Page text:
Graduate Course Descriptions

Cinema Studies Graduate-Level Courses

Listed below are descriptions of graduate-level courses offered by the Department of Cinema Studies.  Browse the UO Class Schedule to find out which courses are offered in the coming terms.

CINE 508: Workshop [Topic] (1-12 Credits)

Topics courses change each term. Refer to the term course list for current topics courses being offered for a particular term.

CINE 510: Experimental Course (1-5 Credits)

Experimental courses change each term. Refer to the term course list for current experimental courses being offered for a particular term. Recent examples of experimental courses include:

  • Cinema and Censorship (4 credits):  In this course, we will explore the connections between the histories, practices, and policies of cinema censorship, and in particular the role that sex and sexualities have played in those histories, practices, and policies. This course will examine significant events in media history as they pertain to these topics—including the development of various technologies; the regulatory responses both internal and external to the film industry; the various laws and court decisions that have defined the legal landscape central to this history; and the changing depictions and representations created by the film industry. We will consider how the film industry has both created and participated in various dynamics of power and privilege, and how those in regulatory positions have exercised their own power and privilege. Topics will include LGBTQ histories and representations, pornography, censorship, feminism, queer theory and media, and the intersections of race, sex, and sexualities. We will also examine historical debates and controversies surrounding these issues, as well as the defining theories and movements within the various academic fields associated with these topics.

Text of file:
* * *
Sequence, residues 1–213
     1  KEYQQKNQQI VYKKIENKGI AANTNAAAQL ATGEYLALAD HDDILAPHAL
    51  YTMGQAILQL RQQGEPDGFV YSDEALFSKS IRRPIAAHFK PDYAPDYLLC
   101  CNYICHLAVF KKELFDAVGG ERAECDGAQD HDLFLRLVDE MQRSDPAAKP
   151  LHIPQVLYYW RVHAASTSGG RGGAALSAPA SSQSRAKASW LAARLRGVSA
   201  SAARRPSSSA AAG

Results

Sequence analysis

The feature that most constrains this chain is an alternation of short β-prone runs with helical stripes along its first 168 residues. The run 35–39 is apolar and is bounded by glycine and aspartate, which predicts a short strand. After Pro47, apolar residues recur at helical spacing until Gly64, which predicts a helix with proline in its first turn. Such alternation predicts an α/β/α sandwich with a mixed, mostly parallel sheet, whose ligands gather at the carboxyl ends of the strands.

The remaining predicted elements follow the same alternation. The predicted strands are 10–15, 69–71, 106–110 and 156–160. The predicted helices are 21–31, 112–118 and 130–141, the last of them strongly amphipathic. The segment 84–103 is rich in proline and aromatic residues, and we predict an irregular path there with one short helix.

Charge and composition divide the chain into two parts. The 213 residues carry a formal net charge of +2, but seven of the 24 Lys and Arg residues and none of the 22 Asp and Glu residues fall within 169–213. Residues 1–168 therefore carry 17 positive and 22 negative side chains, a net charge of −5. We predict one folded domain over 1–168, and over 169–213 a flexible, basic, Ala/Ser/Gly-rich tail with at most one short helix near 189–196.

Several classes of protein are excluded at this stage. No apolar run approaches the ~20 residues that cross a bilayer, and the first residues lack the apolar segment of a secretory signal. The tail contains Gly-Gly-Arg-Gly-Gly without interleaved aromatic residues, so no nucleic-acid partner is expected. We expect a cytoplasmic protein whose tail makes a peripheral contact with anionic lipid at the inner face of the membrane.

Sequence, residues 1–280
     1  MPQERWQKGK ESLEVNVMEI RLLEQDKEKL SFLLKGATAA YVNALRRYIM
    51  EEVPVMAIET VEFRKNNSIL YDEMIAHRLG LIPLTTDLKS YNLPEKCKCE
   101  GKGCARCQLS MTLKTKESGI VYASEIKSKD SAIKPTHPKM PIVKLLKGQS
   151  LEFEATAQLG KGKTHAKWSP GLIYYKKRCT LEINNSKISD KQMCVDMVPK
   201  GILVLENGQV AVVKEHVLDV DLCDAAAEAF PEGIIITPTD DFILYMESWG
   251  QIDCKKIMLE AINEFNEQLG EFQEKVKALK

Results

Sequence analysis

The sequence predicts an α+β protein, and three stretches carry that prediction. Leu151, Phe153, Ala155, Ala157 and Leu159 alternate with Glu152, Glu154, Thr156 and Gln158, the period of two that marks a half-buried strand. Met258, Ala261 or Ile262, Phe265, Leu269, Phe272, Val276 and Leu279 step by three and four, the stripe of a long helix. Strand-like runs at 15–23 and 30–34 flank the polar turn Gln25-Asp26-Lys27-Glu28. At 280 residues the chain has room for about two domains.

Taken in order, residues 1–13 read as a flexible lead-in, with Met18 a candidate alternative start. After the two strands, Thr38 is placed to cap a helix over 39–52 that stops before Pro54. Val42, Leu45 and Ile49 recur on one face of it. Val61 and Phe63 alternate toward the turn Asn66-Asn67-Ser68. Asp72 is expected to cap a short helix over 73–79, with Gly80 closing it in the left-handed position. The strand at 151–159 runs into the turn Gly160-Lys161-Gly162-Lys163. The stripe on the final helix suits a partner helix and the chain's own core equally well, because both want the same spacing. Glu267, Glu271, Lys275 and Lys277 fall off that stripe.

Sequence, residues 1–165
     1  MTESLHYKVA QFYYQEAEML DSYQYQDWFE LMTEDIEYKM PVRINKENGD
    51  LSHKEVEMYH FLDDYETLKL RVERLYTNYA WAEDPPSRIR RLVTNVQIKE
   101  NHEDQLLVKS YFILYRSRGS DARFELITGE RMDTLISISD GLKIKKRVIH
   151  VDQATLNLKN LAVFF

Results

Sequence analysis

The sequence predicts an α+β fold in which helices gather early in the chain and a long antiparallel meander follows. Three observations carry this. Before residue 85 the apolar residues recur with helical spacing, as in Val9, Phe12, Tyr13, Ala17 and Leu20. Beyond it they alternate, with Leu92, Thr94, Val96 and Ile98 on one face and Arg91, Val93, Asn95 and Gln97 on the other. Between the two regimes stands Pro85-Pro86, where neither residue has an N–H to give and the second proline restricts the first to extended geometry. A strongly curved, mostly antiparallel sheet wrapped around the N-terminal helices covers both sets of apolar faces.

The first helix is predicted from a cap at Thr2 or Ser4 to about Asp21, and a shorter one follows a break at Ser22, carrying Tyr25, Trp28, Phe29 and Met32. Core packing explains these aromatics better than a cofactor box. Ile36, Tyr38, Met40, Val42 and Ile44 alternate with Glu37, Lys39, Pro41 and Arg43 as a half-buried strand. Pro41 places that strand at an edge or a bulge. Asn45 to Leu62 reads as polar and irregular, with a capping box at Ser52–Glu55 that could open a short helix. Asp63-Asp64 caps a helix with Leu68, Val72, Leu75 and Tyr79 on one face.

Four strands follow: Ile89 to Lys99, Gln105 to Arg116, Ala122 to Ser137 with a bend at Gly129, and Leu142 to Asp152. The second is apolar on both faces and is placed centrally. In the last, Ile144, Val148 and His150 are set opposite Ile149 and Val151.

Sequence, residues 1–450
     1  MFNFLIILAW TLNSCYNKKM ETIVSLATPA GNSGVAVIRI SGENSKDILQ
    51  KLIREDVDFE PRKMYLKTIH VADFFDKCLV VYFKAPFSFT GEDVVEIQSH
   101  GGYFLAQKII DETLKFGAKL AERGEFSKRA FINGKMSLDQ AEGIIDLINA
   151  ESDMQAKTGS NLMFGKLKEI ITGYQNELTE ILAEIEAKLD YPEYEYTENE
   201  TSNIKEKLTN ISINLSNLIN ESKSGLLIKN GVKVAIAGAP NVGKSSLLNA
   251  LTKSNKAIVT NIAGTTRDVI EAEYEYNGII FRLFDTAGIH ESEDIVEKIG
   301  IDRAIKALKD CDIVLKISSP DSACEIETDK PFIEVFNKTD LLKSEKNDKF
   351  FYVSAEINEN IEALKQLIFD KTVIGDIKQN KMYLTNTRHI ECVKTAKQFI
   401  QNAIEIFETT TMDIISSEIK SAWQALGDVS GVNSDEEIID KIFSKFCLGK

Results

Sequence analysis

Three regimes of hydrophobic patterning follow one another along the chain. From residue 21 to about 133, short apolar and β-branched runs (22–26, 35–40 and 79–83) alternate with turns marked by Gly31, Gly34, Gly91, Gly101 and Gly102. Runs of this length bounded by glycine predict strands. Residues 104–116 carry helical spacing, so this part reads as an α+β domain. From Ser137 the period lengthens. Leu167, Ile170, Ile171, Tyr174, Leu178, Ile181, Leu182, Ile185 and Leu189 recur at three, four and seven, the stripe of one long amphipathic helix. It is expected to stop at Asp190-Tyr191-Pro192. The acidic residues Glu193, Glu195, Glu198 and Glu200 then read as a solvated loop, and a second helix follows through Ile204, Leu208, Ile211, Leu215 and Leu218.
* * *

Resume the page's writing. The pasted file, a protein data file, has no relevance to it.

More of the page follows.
• Cinematography History/Theory (4 credits): Vittorio Storaro, one of history’s great cinematographers, once defined cinematography as ‘...writing with light in movement. Cinematographers,’ he went on to say, ‘are authors of photography, not directors of photography. We are not merely using technology to tell someone else’s though, because we are also using our own emotion, our culture, and our inner being.’ For Storaro and many others, cinematography is an expressive art. This admittedly romantic definition of cinematography, must be contextualized as it is, after all, an industrial craft, made within a system based on hierarchy, mass-production, and the commercial imperative. Keeping both sides of cinematography in mind, this course will explore the story of cinematography in American cinema, working out how a complex art and craft changed across the decades, from hand-cranked cameras to digital work flows. The course will be a bit of a theory & practice mashup, utilizing both historical research and aesthetic analysis, as well as some low-fi creative exercises and the occasional industry guest speaker on all things camera and lighting.

  • Cross-Border Hollywood (4 credits): This course explores the film, television, and media exchanges that have taken place between Hollywood and the Mexican media industry from the past to the present. Using a transnational perspective, we will examine moments of collaboration and conflict between the two industries. We will consider Hollywood films and TV shows that have been shot in Mexico. We will look at Mexican and Chicanx talent who have flourished on both sides of the border, from Golden Age movie stars such as Dolores del Río and Cantinflas to more recent filmmakers like Robert Rodriguez and Alfonso Cuarón. We will also analyze media co-productions between the United States and Mexico, as well as transnational film and TV remakes. Throughout, we will investigate how this work shapes perceptions of the border, globalization, immigration, outsourcing, and violence.